How police knew of Amri's terror plans, but still couldn't stop him

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How police knew of Amri's terror plans, but still couldn't stop him
Anis Amri. Photo: DPA

One of the tragedies of the Berlin Christmas market terror attack is that, in hindsight, it seems to have been so preventable. But putting the terrorist behind bars wasn't so simple.


When Tunisian terrorist Anis Amri drove a truck into a crowd of people on Breitscheidplatz, killing 11 people, Germany’s domestic intelligence and police were already well aware of who he was.

He had first come to the attention of anti-terror authorities in North Rhine-Westphalia (NRW), when he took part in a training session for potential Isis recruits a year before his deadly attack.

Since then he repeatedly appeared on the radar of authorities in NRW and Berlin.

But a legal system which requires a high burden of proof and a Tunisian state unwilling to take back a known extremist prevented him from being caught, two newspaper reports from Thursday claim.

The Abu Walaa connection

When Amri took part in a 16-kilometre walk through the west German countryside on December 23rd 2015, carrying a heavy backpack on his back, he was doing so under the supervision of Abu Walaa, the Kölner Stadt Anzeiger (KSA) reported on Thursday.

Real name Abdulaziz Abdullah Abdullah, Abu Walaa is considered one of the most influential and dangerous Islamist preachers in Germany.

In November 2016, he was arrested along with four associates on suspicion of supplying fighters to Isis in Syria.

But according to the KSA’s security sources, Abu Walaa and his men had been preparing attacks in Germany, too.

During investigations into the group, police managed to smuggle two informants into their network, who reported that by autumn 2015, they had already bought guns and hand grenades in preparation for an attack on a police station.

Another source reported that the extremists wanted to fill a truck with petrol and explosives before driving it into a crowd of people.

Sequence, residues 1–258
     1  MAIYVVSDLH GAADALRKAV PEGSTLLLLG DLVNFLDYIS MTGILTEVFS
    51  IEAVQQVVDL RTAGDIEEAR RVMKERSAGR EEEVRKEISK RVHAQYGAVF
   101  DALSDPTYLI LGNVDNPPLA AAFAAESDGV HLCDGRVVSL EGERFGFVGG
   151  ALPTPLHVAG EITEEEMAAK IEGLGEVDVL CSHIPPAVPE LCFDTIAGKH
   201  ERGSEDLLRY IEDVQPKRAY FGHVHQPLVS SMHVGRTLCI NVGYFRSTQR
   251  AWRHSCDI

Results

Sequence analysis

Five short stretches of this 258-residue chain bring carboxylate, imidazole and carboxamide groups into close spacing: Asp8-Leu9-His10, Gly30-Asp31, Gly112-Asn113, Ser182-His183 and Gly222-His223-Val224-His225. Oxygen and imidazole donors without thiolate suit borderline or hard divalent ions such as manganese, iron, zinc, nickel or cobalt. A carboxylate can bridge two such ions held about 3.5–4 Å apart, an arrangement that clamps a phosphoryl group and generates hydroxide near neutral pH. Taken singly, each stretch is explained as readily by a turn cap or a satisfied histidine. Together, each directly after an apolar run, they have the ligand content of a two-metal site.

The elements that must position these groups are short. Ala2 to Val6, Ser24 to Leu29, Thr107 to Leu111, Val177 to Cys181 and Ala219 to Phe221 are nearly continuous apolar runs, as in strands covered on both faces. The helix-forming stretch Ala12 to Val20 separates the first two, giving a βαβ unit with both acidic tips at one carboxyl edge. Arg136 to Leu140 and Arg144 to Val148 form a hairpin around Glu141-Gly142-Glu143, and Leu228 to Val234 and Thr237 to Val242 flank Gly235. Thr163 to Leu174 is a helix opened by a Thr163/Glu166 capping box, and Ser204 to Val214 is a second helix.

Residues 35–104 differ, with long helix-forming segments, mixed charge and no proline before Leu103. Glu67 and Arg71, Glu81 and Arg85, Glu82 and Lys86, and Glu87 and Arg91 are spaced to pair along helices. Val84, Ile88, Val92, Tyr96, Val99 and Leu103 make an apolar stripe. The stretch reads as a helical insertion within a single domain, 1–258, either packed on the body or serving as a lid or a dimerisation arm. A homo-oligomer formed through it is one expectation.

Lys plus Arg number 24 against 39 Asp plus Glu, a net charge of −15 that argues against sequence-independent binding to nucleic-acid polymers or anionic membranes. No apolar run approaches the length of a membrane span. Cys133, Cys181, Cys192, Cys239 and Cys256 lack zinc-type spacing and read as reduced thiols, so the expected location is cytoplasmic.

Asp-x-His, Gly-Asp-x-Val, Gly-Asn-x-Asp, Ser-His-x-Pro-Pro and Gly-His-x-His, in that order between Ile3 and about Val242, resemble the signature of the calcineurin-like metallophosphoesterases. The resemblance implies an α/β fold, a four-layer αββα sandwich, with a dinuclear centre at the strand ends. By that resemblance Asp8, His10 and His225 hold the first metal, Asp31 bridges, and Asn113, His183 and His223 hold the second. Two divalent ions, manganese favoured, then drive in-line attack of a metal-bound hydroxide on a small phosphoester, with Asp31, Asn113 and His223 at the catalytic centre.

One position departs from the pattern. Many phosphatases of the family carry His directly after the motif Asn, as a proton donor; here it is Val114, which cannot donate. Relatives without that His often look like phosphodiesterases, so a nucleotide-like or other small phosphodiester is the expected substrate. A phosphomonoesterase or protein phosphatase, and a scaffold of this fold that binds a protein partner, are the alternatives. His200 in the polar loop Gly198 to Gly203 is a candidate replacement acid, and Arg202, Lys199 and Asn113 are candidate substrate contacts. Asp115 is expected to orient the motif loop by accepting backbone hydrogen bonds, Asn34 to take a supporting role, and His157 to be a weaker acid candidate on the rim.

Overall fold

Nonetheless, police never gathered enough proof of concrete attack plans to satisfy Germany's judiciary that the group should be arrested.

Calls to attack

It was in the Abu Walaa milieu that Amri became radicalized, first intending to travel to Syria to wage jihad for Isis, according to the KSA.

But by early 2016, investigators had become aware that the 24-year-old was calling on other extremists to join him in an attack on German soil.

Amri looked up on the internet how to build bombs, he tried to get hold of automatic weapons, and according to one undercover agent, he boasted that he would carry out a blood bath.

But again, a lack of concrete evidence that he had taken steps to carry out such an attack meant that police could not arrest him, according to the KSA.

In July 2016, the high burden of proof required by German law seemed to again prevent authorities from taking Amri off the streets.

Paragraph 58a of the deportation law allows for a “special risk” person to be deported at speed. But intelligence services decided that they didn’t have a case against Amri that would convince a judge.

The nail in the coffin for investigators came in September.

Berlin police had been tapping Amri’s phone since he moved to the capital in March. But when they went to a judge to ask for an extension, the only evidence they had that would stand up in court was that he was involved in drug dealing.

German law allows for drug dealers to be tapped for a maximum period of six months, so the wire tap was stopped.

Tunisia stalls deportation

Without enough proof to have Amri detained under paragraph 58a of German deportation law, the best chance to make him leave was to have Tunisia send over the paperwork proving he was a Tunisian citizen.

This should have been straightforward enough. Amri’s asylum application had been rejected in the early summer of 2016, but because he wasn’t carrying his real Tunisian ID, he couldn’t be sent back to his homeland.

But Tunis failed to respond to repeated requests from Berlin for a quick resolution of the situation, despite Germany emphasizing in July how urgent the matter was, the Süddeustche Zeitung reported on Thursday.

In October the Tunisians finally gave their response.

There had been a mistake: Amri was not a citizen of their country, they told their German counterparts.

It was a reply Germany had heard before. Tunisia has been hit repeatedly by bloody terror attacks in recent years and is reluctant to take back problem cases like Amri.

Three days later, Germany made a new request for papers, this time using a fingerprint from Interpol to prove that Amri was in fact a Tunisian citizen.

On December 21st, Tunisia finally delivered the official paperwork, two days after Amri had killed 12 people in west Berlin.


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